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Frequently Asked Questions

If you have a question not covered here:
feel free to ask me.

Joe, 514

How can I find sites on Fine Art? How does the artist produce art? Do you have articles on Fine Art?
What is and what is Original Art for? Coming soon: Has Modern Art to be modern?
What is the difference between an artist's print and a reproduction? Is Original Art expensive?
Has Modern Art to be modern? How to buy Fine Art. How to judge Fine Art.
Why limit editions? Why should I buy Fine Art? When should I buy Fine Art?
What does the signature mean? How can I approach Original Art? Do I get value for my money?
What is kitsch and craft as opposed to Fine Art?

Q. How can I find sites on Fine Art?

I recommend some great sites on Fine Art. Look here.

There are thousands of pages out there with thousands of links. Wherever you start you will drown in opportunities to kill your time.

Just start with Yahoo or any other search engine, key in "fine art" (to not include things obviously too far off) and there you are: Some thousand sites with links pages each.

If you want to know about my experiences with links pages, read on.

Question is not where to find this kind of stuff. Question is where to find art. When I started in February, I was offended by all this really ugly stuff I found everywhere. When I started finding valuable things, I made up my own links page to share my findings with others.

I hoped that people would profit and tell me their own. I was naive, it turned out. My links page was rarely visited, I never got any feedback. If you like, check it out, I tell about them things. I quote:

"Why is the Mona Lisa Smiling? A project of students (John F. Kennedy High School, Bronx (NY) /Sweden). Great idea, work for years for teachers and students alike. Very good job as a site, at first glance a bit thin in substance regarding the thesis about Leonardo.

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The guestbook entry was answered by a teacher referring to his teacher at Graduate School ".. who believes that art is produced when a human reaction is evoked from an art piece." Pretty simple, then! From this and the comments in the guestbook he concluded that they have created art with that project. I highly disagree. So we entered a discussion."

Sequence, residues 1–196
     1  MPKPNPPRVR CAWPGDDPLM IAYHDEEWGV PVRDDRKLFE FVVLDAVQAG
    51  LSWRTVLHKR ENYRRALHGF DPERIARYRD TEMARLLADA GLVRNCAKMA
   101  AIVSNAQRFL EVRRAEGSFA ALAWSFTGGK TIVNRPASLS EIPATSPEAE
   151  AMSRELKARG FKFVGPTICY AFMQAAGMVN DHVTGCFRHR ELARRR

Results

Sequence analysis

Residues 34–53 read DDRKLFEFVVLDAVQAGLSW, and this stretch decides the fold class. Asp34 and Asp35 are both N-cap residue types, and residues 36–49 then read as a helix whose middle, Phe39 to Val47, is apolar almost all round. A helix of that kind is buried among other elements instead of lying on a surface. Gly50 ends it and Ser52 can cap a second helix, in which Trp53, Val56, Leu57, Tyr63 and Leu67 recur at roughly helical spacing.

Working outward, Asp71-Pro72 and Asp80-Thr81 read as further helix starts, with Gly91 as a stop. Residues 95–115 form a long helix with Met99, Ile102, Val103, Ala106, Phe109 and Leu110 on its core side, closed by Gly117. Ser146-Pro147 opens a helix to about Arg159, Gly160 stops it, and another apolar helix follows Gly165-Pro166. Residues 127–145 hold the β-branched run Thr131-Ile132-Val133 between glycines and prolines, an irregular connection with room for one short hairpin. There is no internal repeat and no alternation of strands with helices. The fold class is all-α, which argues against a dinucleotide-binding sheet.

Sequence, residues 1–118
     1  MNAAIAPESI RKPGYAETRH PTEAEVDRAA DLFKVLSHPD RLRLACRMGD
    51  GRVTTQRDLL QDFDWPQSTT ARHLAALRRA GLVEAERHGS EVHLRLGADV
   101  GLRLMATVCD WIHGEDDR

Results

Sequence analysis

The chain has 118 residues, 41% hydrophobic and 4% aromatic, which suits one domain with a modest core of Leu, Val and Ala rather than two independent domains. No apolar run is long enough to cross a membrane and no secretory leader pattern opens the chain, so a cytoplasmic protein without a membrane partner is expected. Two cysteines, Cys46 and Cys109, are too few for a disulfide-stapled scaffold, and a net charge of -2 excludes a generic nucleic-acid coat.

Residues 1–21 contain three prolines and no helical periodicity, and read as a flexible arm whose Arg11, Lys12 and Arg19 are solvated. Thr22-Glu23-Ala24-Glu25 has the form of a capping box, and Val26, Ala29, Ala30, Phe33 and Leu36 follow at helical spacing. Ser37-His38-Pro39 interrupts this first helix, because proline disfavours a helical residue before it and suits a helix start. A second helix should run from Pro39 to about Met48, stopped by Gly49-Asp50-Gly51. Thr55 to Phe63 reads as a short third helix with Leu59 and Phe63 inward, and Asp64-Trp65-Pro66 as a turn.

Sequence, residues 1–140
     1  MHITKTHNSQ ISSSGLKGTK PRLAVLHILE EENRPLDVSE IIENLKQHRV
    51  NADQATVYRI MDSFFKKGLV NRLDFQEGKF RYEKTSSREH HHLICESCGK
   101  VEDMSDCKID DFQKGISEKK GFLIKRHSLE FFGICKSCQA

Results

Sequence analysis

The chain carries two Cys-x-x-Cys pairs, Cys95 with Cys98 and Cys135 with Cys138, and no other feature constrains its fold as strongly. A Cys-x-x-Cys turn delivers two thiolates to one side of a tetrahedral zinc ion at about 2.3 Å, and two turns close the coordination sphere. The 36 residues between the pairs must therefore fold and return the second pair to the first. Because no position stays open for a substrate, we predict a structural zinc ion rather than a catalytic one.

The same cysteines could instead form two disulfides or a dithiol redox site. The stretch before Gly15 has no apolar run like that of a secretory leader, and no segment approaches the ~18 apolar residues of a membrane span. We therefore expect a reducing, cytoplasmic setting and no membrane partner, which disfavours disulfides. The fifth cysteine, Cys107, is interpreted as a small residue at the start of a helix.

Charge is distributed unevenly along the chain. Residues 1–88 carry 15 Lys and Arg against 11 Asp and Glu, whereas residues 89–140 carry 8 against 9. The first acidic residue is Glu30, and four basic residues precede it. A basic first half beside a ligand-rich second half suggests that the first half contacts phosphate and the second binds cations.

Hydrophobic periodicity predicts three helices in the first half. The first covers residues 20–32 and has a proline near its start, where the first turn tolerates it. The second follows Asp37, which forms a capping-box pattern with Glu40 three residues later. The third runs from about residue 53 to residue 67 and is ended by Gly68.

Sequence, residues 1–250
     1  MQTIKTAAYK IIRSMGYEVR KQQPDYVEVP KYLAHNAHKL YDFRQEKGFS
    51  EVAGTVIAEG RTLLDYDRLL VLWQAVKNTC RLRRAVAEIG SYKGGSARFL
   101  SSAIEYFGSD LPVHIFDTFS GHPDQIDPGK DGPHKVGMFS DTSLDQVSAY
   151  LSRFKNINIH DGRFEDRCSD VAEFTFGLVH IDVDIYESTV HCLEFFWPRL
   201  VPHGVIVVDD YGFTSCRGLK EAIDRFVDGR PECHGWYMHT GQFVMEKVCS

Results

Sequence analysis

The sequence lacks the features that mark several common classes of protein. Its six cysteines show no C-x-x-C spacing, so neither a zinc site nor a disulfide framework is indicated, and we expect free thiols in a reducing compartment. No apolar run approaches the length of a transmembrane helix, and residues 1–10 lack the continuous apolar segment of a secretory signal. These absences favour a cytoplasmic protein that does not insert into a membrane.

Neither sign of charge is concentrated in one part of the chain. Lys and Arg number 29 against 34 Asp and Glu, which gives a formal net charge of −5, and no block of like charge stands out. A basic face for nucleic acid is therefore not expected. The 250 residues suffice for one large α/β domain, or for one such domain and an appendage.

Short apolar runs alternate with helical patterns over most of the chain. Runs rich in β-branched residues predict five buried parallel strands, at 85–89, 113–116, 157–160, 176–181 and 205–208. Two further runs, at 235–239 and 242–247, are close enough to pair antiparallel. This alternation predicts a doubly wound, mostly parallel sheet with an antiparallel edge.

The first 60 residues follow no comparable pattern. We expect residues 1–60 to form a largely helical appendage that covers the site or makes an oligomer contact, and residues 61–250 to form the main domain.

Well, it turned out soon that he felt just offended. No discussion. After a while I quit writing this links page, disappointed.

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Q. How does the artist produce art?

A post to MarkeThink Digest.
Recurs to Julie's post (MD #16) and John's (MD 22).

First: It is a long one again. I'm sorry, I can't make it shorter to get the point across. I think it is important to see exactly what the problem is about.

And there is a problem here. Julie wants to write novels. (John wants to play onstage.) She gets plenty of advice (i.e. from John). None helps her writing novels.

Same with me. I want to paint. I see the net is great to get known, maybe sell. I fill my days with marketing. I haven't painted for more than 10 years.

If Julie realizes the advice given, she won't be able to write, that's for sure. I don't know if it's her dream to develop her novel online, but I can say for me, painting cannot be done part time or online or public.

Definitely no chance setting apart a couple of hours every day and create valuable art. I tried it. It was a lesson. In the end I quit my daytime job altogether, taking the full risk.

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What do all you fellows out there think how art can be developed? (And I don't mean you fellow members only, I mean all the people not involved producing art.) To give you a picture, I'll tell you one example:

Thomas Mann, famous German Novel prize author, described for a survey how he did it (everybody does it his own way, of course): Most important, he made sure his life was extremely regular. He did not even like to have guests in the evening as this spoiled the next day for writing novels.

He did creative work from 9 to 12 every day. First he copied with his fountain pen the work of the day before. That turned out to be 1 or 2 pages only. That got him into the story again. Then he wrote on, corrected, wrote anew etc.